The story dates back to the era when humans started to cocoon out of their ancestral goblins. It was the common strategy applied to eradicate the unwanted-resilient–vulnerable-fringe populations. This is the tale of humiliation and further humiliation, the history of humankind.
With the advent of the 20th century, this trait has replicated and survives as multiple copies in our DNA. We inherit it, Xerox it and keep it. It’s showcased in our libraries, beautifully printed in the wide reaching newspapers. Our prime time TV and the hollow discussions on the news channels and their content are full of it.
I understand the humiliation as a common Egyptian does. He immolates himself in a frenzy to acclaim justice from the economic and social clampdown erected by the shark eyed dictator, strengthened by the most democratic state of the world. I feel like an adolescent Palestinian, who weaves the tales of his homeland as he has heard from his defeated, dispersed and exiled ancestors. I walk in the crude wooden boots of an Adivasi, who lives for a day – everyday, to retain his land and the way of life. I’m a Kashmiri.
Write it down, ‘hoisting a flag or not, would make no difference either to Kashmiris or to the BJP’. While as, seeing the ignominy of the majority on a small climaxing Kashmiri populace and the shielded-chauvinistic media and society, does. It’s a game of disgracing, who can and who cannot. It’s about power/ powerlessness, arrogance/ humiliation and between blade and flesh.
How would it be to the one who faces the humiliation on a day in and day out? One who grew up in the atmosphere of mortification and brooded in the same. How would it be, once, when the subjects look into the eyes of the master with anger, anguish and pain and ask for his due as fellow human beings? Should we appreciate him for doing so or shall we chaperone ourselves within the cloth of shame and lair. And value our flamboyancy in the boxed cities with its boxed apartments and boxed lives.
Humiliation is the common thread that connects all these zones of un-equivalency. India and its ever mounting presence in the region with its military might, reminds every Kashmiri of all the pretences, fictitious agreements and the blood spill Kashmir has witnessed since India’s inception as a country. What moral right does soldiers from the planes have to identity check us, the mountain people, is the cry of every commoner here. Who have lived here since the time immemorial, played with its waters and have become one with its folklore. Then, to detain and languish them in some notorious jails, and call it Papa2 or Cargo. What a euphemism! Kill them in the most atrocious fake encounters and label them as terrorists as well as one of their own, in the same breath. Royal trickery. Than come one day, after killing 135 young men and women (for a year, all unarmed protesters), with the tri-colour in hand and the saffron flag hidden in the armpit – to claim the region.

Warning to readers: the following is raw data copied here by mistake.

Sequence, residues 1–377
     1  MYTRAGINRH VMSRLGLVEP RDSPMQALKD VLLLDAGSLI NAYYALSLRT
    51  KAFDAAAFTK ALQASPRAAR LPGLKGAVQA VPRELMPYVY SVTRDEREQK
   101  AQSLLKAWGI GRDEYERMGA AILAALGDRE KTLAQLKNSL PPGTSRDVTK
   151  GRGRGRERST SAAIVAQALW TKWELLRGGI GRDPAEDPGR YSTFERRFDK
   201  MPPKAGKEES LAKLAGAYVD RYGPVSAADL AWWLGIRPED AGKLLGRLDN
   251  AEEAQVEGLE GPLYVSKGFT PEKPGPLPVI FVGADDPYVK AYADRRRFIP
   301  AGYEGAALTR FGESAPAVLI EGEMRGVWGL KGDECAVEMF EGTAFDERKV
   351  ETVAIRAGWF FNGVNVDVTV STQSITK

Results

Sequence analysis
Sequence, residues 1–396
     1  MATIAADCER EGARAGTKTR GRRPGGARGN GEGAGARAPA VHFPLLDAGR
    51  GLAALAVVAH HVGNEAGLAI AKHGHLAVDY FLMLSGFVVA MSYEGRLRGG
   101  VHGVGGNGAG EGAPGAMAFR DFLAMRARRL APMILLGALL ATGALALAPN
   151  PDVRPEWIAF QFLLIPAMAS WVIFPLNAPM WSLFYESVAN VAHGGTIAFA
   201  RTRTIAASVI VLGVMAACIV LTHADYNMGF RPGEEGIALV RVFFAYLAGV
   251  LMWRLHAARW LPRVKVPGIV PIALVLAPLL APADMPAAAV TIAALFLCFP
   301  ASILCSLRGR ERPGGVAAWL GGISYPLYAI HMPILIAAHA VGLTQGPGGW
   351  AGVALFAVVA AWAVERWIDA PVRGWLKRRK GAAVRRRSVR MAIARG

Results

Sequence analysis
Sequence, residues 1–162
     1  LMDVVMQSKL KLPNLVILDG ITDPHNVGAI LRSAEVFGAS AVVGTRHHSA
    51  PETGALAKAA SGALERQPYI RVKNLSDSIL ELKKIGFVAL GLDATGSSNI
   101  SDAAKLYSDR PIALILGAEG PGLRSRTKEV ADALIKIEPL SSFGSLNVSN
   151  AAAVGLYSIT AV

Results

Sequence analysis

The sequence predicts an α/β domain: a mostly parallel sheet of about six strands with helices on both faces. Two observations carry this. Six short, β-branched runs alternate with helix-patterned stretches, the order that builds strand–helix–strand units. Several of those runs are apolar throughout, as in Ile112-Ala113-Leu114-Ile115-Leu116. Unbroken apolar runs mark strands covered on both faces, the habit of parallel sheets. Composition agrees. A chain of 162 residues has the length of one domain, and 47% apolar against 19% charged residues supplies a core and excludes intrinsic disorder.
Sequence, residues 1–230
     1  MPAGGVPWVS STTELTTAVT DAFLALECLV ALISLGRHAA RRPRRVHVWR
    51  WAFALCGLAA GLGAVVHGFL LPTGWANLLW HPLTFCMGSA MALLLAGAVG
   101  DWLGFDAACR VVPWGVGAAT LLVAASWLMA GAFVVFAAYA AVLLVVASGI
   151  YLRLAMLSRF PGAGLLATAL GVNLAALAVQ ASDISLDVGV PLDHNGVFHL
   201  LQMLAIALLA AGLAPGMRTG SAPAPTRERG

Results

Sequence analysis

As a young boy, every evening I used to walk down a mile to the infamous Lal-chowk, to gain contentment that my father was alright. All of my peers did, too. We Rosary our relations, keep them closed in our fists and hearts. We count them on our finger tips. The sight of the military-wala was one of the most excruciate spectacle to us. We used to run away at the sight of a military convoy. Young and old, men and women, all squeezing in the byzantine lanes and by-lanes of Srinagar. Shying away from the ardent eyes of the men in uniform, who have been brought to police us. Police us? A humane cry creaks out of my bosom while writing this, where we not supposed to be humans. Are we, less humans or a herd of sheep, whose destiny is decided by the zealous nationalists and the deserters over a cup of coffee in a cosy and pompous news studio.
In these intervening years locals were killed – absconded - maimed, women raped and children orphaned. The titular commissions were appointed and broken. The justice remained the farfetched fable. One only used to read it in the government crafted text books. The sex-rackets were unearthed, in which many politicians, police and military- men were caught and released. Every single fabric of the society was torn and our society was tattered into bits. Kashmir was turned into the quagmire of the spies and counter-spies. More than humiliation, I believe its felony.
Society is like a giant animal. It has loose ends, but once dazed it tries to bounce back to the normalcy. The young Kashmiri boys today, gaze into the eyes of one who petrified his parents and grandparents. He is dauntless, with stone in hand; his heart has turned into a stone. I’m perplexed by the appalling number of youth, from respectable lineage and well to do families, turning up in arms or without them, against the powerful and almighty state. However, who is driving them to do so, is not a million dollar question. No doubt the political settlement remains as the crux of it, but it’s the humiliation and added humiliation that acts as the catalyst.
While the state is all obsessed about its power and fictional rise in the economy, it has become callous to the millions who suffer of resistance. Resistance has become new terrorism. In fact, we all know the truth. Even those in the studios or the ones who speak in the parliaments, we are abreast with our dichotomy, but we like to remain silent and speak oblivion. Speak oblivion until the resistance dies of the slow brain haemorrhage.
What would the master prove by hoisting a flag in the devastated and gutted state of its slaves? How brave it would be to imprison the entire frightened population indoors or in captivity or underground, then to unfurl the flag to the troupe of military boots and the cold gun barrels.
To the single flag they hoist here, we unfurl the thousands and lacks of black banners – embedded in our hearts, like the assemblage of wounds we had suffered and are still suffering with.